Planning Permission is confusing, as precedent and policy vary borough to borough. Policy is also frequently updated, so staying on-top of the latest changes can be challenging, especially if you’re not used to working with local councils day to day. On top of this, there are various types of applications you can submit, which might be favourable depending on what you’re trying to achieve, or might even be dictated by the location of your property.
Permitted Development (PD) is often misinterpreted by homeowners, and we frequently find ourselves explaining exactly what it’s all about. In short, PD allows homeowners to extend and make alterations to their homes without having to apply for full planning permission. We have highlighted some points which you may want to keep in mind if you are considering gaining approval via PD.
Are you eligible for Permitted Development Rights?
The rights cover terraced, detached and semi-detached properties. Restrictions do apply if you live within a conservation area, own a listed building or live in a flat.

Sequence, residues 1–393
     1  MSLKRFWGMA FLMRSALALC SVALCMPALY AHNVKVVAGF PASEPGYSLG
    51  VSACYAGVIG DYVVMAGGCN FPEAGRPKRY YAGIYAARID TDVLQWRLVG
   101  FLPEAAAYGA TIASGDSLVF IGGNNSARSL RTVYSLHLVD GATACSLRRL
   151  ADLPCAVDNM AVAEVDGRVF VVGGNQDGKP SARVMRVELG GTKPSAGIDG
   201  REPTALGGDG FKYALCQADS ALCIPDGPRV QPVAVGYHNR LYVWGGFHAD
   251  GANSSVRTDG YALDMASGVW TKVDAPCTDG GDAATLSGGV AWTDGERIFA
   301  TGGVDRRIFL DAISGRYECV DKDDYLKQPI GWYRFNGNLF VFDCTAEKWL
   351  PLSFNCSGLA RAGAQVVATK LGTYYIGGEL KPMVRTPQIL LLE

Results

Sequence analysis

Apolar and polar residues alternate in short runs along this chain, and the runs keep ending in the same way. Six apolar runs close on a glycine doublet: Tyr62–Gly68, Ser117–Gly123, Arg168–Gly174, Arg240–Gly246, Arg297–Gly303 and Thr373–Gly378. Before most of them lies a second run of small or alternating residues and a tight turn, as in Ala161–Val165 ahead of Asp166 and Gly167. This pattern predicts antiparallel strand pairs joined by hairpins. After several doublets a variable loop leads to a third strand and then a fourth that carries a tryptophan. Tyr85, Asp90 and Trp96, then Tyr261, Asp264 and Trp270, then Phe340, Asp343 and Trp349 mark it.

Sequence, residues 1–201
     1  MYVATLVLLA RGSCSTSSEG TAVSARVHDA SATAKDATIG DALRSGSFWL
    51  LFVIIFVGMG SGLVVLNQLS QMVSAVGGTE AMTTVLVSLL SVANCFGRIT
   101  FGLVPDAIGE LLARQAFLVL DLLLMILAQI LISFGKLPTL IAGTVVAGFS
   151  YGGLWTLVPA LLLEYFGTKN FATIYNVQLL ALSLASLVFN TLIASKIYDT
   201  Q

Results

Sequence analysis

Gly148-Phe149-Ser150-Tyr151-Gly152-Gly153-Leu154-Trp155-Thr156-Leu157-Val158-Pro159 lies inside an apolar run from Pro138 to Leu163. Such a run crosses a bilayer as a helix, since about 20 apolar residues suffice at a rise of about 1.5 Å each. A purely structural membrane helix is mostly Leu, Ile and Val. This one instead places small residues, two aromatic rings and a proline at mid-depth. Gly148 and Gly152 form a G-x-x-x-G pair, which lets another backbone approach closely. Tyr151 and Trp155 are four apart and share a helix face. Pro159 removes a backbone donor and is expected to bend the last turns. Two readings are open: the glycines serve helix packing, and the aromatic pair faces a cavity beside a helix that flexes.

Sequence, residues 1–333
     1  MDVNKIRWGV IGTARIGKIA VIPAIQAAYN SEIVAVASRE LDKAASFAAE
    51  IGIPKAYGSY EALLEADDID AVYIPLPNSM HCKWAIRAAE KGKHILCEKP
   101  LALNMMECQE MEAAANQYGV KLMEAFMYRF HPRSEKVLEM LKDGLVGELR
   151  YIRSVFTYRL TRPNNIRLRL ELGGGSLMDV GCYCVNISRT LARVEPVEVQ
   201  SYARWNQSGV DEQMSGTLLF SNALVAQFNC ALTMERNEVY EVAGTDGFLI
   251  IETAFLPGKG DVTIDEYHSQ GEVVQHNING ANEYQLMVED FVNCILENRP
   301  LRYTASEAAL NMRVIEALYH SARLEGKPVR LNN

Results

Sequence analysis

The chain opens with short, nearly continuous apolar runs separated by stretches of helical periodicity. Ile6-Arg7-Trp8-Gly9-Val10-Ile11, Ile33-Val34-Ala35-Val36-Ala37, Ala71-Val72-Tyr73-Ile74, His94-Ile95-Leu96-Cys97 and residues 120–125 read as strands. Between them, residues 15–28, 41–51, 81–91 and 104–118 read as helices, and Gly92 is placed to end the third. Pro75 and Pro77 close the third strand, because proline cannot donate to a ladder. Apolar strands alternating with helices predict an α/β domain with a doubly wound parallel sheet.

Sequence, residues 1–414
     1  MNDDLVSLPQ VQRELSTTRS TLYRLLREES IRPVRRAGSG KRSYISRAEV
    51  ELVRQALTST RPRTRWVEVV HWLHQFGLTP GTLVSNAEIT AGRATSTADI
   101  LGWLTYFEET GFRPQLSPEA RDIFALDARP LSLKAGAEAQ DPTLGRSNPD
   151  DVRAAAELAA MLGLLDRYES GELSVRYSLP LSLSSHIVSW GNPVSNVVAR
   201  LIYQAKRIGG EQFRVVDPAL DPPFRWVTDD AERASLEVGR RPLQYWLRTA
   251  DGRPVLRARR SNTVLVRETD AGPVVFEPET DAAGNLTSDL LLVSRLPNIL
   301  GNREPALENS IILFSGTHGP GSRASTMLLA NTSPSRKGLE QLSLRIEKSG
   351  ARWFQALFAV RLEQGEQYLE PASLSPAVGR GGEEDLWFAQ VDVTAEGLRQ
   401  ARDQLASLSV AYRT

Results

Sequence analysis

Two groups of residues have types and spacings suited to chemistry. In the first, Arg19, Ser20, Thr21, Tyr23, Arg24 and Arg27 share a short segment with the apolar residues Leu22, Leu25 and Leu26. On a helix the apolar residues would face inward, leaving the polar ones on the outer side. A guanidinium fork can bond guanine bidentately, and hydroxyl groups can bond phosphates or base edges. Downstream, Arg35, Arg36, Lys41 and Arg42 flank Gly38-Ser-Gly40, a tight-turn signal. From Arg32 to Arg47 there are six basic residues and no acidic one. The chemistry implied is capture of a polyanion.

What kind of work is possible under Permitted Development rights?
Loft extensions are one of the most common developments which are built under Permitted Development. In order to obtain a loft extension, the proposal must be contained within 40m₃ for terraced houses and 50m₃ for semi-detached houses. You can achieve an impressive dormer extension, or even an L-shape dormer which extends onto your outrigger within this volume allowance.
Ground Floor Extension
If you are looking to add some extra living space on the ground floor, Permitted Development may be an option but there are certain limitations and conditions that must be met. For example, single storey extensions must use materials matching the existing property to be in-keeping with the character of the area. The biggest impacting factor is the length and height of the extension. The new proposal must not extend beyond the rear of the original house by more than 3 metres (4 metres for a detached house), or exceed 4 metres in height.
What is a Lawful Development Certificate?
A Lawful Development certificate is not the same as Planning Permission, but it is proof that your works are lawful within Permitted Development. Having this paperwork will also come in handy if you choose to sell your house in the future.
If you are considering an extension and are interested in making the most of your Permitted Development Rights – give us a call and book in for a site visit. Our Design Team are happy to help and talk through any questions you have. To book your site visit, get in touch with our team today on 0207 495 6561.